4.5 The committee understood that myCOPD uptake data varied widely across services. It acknowledged there are many factors influencing how much it was used, including the COVID‑19 pandemic. The commissioning expert said that real-time uptake data was available from Dorset CCG, where uptake for self-management increased from 43% to 65% in 2021. The committee questioned whether the uptake rates observed in Dorset were likely to be realised in other regions. A clinical expert advised that uptake of myCOPD for pulmonary rehabilitation in their service was around 26% in 2018; however, no recent uptake data was available. The committee agreed that understanding the uptake of myCOPD across different regions and settings, for both self-management and pulmonary rehabilitation, is important to ensure its value for money (see sections 3.10 and 3.11). It concluded that this information could easily be collected as real-world evidence.
4.6 Clinical experts explained that myCOPD has been implemented as an option alongside existing services in their practice. People have the option to choose whether or not to use it depending on preference. The experts noted that the populations in their regions using myCOPD were mainly older white British people living in areas with different levels of socioeconomic deprivation. The company confirmed that the average age of myCOPD users is 74 years old. The commissioning expert said that the implementation of myCOPD improved patients' access to health services in areas of deprivation. The committee also discussed the English language skills needed to use myCOPD. The average reading age needed to use myCOPD is between 8 and 12 years. The clinical experts noted that myCOPD may be difficult to use for people who are not able to use a smart device easily, such as those with a visual or cognitive impairment, limited manual dexterity, or with hearing loss. They added that in their experience, some people with COPD would prefer not to use the digital tool, while others found it helpful. The committee concluded that further evidence of myCOPD's use in a wide range of socioeconomic backgrounds, ethnicities and ages is needed to understand its effect on health inequalities.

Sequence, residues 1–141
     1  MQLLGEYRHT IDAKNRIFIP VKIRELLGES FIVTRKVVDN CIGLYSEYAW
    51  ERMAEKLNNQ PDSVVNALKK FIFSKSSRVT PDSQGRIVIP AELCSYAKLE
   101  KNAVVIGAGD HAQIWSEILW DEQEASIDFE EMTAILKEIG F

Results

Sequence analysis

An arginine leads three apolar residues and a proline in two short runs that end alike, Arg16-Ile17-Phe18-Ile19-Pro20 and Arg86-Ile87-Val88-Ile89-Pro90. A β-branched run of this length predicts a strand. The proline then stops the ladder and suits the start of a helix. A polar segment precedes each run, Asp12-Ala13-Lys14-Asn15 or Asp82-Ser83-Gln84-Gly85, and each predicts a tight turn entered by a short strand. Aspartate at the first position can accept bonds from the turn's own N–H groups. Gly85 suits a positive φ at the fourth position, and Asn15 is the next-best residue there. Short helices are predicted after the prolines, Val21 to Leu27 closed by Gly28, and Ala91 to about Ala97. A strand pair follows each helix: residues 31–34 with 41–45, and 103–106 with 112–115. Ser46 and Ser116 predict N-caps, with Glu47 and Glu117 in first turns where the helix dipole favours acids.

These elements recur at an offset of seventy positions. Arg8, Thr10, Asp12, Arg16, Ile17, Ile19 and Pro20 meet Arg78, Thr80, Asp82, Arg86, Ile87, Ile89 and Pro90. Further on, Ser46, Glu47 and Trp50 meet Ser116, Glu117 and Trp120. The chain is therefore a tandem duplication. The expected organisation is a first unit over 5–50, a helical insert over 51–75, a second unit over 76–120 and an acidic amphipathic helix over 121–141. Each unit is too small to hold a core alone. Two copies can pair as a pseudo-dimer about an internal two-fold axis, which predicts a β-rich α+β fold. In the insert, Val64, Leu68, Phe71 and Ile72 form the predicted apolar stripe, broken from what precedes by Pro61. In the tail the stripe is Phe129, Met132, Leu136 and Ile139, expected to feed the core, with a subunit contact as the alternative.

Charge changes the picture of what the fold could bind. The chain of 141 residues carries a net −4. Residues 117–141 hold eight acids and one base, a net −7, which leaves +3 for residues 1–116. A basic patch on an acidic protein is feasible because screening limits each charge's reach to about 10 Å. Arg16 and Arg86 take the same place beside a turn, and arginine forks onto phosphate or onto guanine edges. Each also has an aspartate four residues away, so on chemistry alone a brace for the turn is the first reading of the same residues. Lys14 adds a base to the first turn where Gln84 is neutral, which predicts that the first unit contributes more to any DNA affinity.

4.7 The committee understood that clinical parameters in the AECOPD model (see section 3.7 for details about the models) for self-management were based on RESCUE, a feasibility trial with fewer than 50 patients. It noted that the key drivers of cost saving in this model were the uptake of myCOPD and hospital readmissions, and both parameters were uncertain (see sections 3.10 and 3.11). The PR model has 3 treatment options, so people were able to choose myCOPD, face-to-face pulmonary rehabilitation or a hybrid format which consisted of face-to-face sessions and myCOPD. Results from TROOPER were used in the PR model. Key drivers for cost savings in this model were the uptake of myCOPD, both alone and in the hybrid format, and the number of people referred for pulmonary rehabilitation. The committee considered that the key uncertainty for the PR model related to the assumption of non-inferiority of pulmonary rehabilitation services delivered by the myCOPD app compared with face-to-face pulmonary rehabilitation (see section 4.2). It also considered that more information is needed on the uptake rate of myCOPD when it is used for pulmonary rehabilitation (see section 4.5).
Further good quality evidence is needed to address uncertainties about myCOPD's clinical benefits and its effect on healthcare resource use
4.8 myCOPD has potential for clinical benefits, but more evidence is needed to reduce uncertainties. The committee considered that comparative evidence is needed to show the clinical benefits of using myCOPD in 2 populations:
people using it to self-manage COPD
people referred to pulmonary rehabilitation.
For self-management, a randomised controlled trial is preferred to show the clinical benefits of myCOPD. This could be powered based on the encouraging results in the RESCUE study. However, a high-quality comparative observational study designed to minimise bias in the results may provide acceptable evidence. Outcomes such as rates of exacerbations, hospital readmissions and unscheduled care appointments should be considered alongside patient-reported outcomes such as health-related quality of life. For pulmonary rehabilitation, further evidence is needed to show the clinical benefits of myCOPD. This could be a randomised controlled trial which is powered based on the encouraging results in the TROOPER study or a well-designed comparative observational study. Key outcomes will be the CAT score and 6‑minute walk test, ideally supported by additional longer-term outcomes such as rates of exacerbations and hospital admissions.